----- Original Message -----
From: "Ben Collins-Sussman" <firstname.lastname@example.org>
To: "David McBride" <email@example.com>
Sent: Friday, March 12, 2004 06:29
Subject: Re: binary file size limit? (4.2GB retry - success)
> > I guess most of the time was spent in the DB doing some "cleanup" work?
> > because the 4GB upload took just about 10 minutes, I could already
> > ls and checkout files, but it still took about 40 minutes until the
> > commit command finally completed.
> Let me explain what's going on here when you commit a file:
thanks for explaining the things going on in detail again.
> 1. copy the working file to .svn/tmp/, in case the user changes it
> during the commit. if eol or keyword translation is on, 'detranslate'
> these things when copying.
in my test case it was a binary file and no keywords on,
so this was a pure copy, nothing was modified.
so maybe skip this pass on binaries-without-props?
> 2. send a binary diff over the network by comparing the text-base of
> the file with the temporary file.
I hope It wasn't a 'real diff' because I just used add/commit,
so it just needs to be a 'full upload' of the WC file.
> 3. repository applies binary diff to the file as it receives it;
> after the new file is fully constructed & committed in the repository,
> compare the new file with the previous version and do another binary
> diff. Store the previous version of the file as a binary diff against
> its successor.
nothing to 'apply' here, because the file didn't exist in the repos
before in my test (i.e. no diff to apply, just a copy)
> 4. the client gets the new revision number from the server; it then
> copies the .svn/tmp/ file into .svn/text-base again.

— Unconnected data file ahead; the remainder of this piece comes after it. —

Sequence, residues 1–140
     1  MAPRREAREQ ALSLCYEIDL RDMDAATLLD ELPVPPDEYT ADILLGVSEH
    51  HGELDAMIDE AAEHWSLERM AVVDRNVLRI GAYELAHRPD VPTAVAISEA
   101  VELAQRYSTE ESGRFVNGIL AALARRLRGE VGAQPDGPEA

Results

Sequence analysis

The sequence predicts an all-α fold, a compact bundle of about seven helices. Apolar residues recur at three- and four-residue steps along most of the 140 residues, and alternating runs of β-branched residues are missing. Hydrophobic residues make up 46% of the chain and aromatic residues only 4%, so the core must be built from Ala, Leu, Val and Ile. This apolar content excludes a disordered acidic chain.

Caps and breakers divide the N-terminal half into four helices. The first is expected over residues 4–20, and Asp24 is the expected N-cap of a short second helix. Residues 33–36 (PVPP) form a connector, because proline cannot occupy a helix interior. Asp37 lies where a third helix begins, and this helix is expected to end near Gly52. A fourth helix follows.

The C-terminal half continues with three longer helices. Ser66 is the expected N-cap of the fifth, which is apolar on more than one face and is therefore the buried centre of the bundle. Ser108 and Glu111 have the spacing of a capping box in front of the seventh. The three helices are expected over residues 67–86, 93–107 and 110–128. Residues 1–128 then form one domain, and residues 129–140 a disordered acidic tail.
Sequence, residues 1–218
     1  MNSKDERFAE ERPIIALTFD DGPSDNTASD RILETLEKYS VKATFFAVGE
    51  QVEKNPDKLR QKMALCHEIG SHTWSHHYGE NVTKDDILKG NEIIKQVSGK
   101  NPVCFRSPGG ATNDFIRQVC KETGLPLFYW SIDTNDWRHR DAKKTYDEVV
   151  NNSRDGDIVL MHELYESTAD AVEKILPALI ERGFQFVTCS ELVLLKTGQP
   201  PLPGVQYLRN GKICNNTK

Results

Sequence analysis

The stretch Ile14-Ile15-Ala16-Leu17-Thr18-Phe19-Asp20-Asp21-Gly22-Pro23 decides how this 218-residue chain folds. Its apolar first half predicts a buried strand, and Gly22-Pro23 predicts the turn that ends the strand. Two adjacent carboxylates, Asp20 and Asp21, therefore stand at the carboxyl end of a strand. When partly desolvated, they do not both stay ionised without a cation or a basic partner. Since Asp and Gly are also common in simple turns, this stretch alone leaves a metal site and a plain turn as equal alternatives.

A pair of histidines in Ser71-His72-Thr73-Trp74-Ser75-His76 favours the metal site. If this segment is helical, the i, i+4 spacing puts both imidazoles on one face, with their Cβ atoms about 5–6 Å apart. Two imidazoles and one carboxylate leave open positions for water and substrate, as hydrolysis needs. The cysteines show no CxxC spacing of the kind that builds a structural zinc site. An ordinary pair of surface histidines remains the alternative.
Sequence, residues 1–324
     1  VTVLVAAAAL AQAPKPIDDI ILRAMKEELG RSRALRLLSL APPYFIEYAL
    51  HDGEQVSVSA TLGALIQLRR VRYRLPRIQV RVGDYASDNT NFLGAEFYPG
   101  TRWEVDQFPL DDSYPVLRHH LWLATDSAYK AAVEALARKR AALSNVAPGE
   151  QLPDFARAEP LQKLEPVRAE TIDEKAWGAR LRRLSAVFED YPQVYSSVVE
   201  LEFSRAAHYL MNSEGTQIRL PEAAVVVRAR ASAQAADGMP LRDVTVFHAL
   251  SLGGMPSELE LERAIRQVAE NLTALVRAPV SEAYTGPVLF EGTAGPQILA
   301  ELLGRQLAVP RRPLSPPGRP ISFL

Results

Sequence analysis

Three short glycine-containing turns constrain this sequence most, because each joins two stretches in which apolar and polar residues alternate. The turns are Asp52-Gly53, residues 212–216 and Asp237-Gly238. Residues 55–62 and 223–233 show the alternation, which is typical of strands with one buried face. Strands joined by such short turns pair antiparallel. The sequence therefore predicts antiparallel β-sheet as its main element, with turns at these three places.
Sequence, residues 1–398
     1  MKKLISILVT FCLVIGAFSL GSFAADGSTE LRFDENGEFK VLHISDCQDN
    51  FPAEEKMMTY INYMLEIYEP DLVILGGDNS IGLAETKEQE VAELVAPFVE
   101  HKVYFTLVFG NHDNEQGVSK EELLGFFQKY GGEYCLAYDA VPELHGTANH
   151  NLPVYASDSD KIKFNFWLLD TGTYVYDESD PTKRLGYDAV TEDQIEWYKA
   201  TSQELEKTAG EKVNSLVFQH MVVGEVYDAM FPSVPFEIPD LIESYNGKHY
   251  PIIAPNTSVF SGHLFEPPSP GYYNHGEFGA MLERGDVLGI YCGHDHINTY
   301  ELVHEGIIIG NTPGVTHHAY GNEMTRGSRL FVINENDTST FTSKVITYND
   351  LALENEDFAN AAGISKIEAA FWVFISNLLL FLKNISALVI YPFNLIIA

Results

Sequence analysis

here too, no need to copy the non-modified binary-file-without-props
back into the repos. it's already there.
maybe add an extra shell output that states that the commit
already completed and is now just copying files back into the WC?
there is no need to modify/copy back to the users wc file
if no keyword props are enabled and no line ending conversion
was neccessary during commit, the file is already there.
It's not even a good idea to 'touch' the file date if avoidable,
since this will force recompilation of the 'touched' files when
using a timestamp based make/build.
> Step #1 takes a very long time on a 4GB file.
> Step #2 sends only a teeny tiny binary diff over the network, but it
> takes a horribly long time to *generate* the diff... the binary diff
> algorithm needs to scan two 4GB files, comparing them byte-for-byte!
10 minutes for the initial add/commit for a 700MB file - looks ok to me.
> Step #3 takes just as long as step #2, because now the repository is
> *rederiving* the same binary diff in reverse!
> Step #4 takes just as long as step #1.
from my point of view, 4 can and -should- be skipped in most cases
( at least to prevent unneccessary rebuilds )
> We've gone over these things in the past, and had many discussions about
> how to optimize things. It would be nice if svn allowed users to
> optimize for either network or CPU: in other words, like the CVS '-z'
> flags, you could tell svn to not do any diffing at all in steps #2 and #3.
It would be nice if at least the situations where SVN performs much slower
than CVS did could be fixed.
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Received on Fri Mar 12 10:24:42 2004